Asked about the motivation behind his movie “The Professor – Tai Chi’s Journey West”, Ken van Sickle recalls Cheng Man Ching urging his students to “get it out there”, i.e. to make Tai Chi practice known in the West and also to spread the knowledge about this unique kind of health-related martial art. Ken worked on the film together with Barry Strugatz, who is a film maker and also a student of Ken and therefore also rooted in the Cheng Man Ching tradition. After the first interviews with of Cheng Man Ching’s American students, the idea to capture the spirit of Cheng Man Ching’s endeavour proofed to be the main line of development of the film. The creative process led to a portrait of his time in New York and recalls the reverence of the students as well as the effect Cheng Man Ching had on their lives.
One aspect why Cheng man Ching is remembered with such warmth until today seems to be that he did focus on learning and sharing his knowledge with his students and did not try to subject them to an abstract order or to his very person. Cheng Man Ching did not expect his students to become kow-tow students and – as Ken van Sickle remembers as a difference to his own karate experience – there were no power struggles in the school and no higher students. Learning was not associated with hierarchy. Cheng Man Ching himself did not pretend to be special – in spite of what his students made of him.
This leads to the connected field of being a master and/or a lineage holder. To Ken van Sickle, the lineage system is powerful. But at the same time one would have to bear in mind what the expression master means. As far as Ken is concerned, a master is not anything special to Tai Chi. A Tai Chi master is like someone holding a Ph.D. degree, i.e. someone who is able to teach and possibly even write about a subject. Consequently, Cheng Man Ching did not call himself “master” – he called himself “professor”, as he had been teaching at an art college back in China.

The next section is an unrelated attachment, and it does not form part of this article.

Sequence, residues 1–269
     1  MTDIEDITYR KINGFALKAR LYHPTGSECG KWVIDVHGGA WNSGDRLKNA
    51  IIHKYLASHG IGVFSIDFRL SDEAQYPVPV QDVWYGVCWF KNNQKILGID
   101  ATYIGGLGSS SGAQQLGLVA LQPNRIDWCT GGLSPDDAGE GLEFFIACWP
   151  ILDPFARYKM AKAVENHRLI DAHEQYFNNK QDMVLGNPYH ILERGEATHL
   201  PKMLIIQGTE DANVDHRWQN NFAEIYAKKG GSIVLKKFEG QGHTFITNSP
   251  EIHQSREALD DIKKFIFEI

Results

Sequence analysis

The idea of maintaining a lineage is often combined with the act to choose special lineage students to whom special time and effort is dedicated. To Ken van Sickle, this idea is rooted in a wish to see a specific lineage continue. Whether this ambition is fulfilled, would nevertheless depend upon how much the master is a master and the student is a student. Because of this necessary rigidity, lineages rarely work. Students begin sooner or later to start their own thing, either because they did not get it all and fill up the rest with their experience or they split from their master, taking a chance. But even in the ideal case, the fact (or feeling) of “getting it all” is usually followed by the idea of surpassing one’s master – which would also be contrary to the formal concept of lineage.
However, Ken van Sickle warns against taking the experience of “not getting it all” to serious, as it does not seem to make sense in the historical perspective. The whole development is said to root in 13 original postures. As every student did not seem to “get it all from” his teacher, skills must have constantly got lost on the way through history. This narrative of deteriorating knowledge and skills does not make sense at all. – It would rather raise the question of going back to the 13 original movements. Ken van Sickle states that even if dedicated students always thinks not to be as good as the master, some of them probably were or continued to develop their skills after their teachers death, so that they became as good as or even better than their teacher later in life.
Lately, changing times and the wish for instant gratification have lead to the introduction of “very short forms”. – Ken here also relates to a 21 form he developed for his own beginner classes in New York as a way of getting people interested and to give them something to work with in the beginning. Later, the longer form can be taught to people that want to get into it.
Video “Ken van Sickle on Cheng Man Ching Tai Chi Chuan – part II”
Images: Taiji-Forum and Ken van Sickle
Here you will find part 1, 3, 4 and 5 of this in depth interview:
- Ken van Sickle on Cheng Man Ching part I
- Ken van Sickle on Cheng Man Ching part III
- Ken van Sickle on Cheng Man Ching part IV
- Ken van Sickle on Cheng Man Ching part V
Cheng Man Ching series
This interview is part of our Cheng Man Ching series.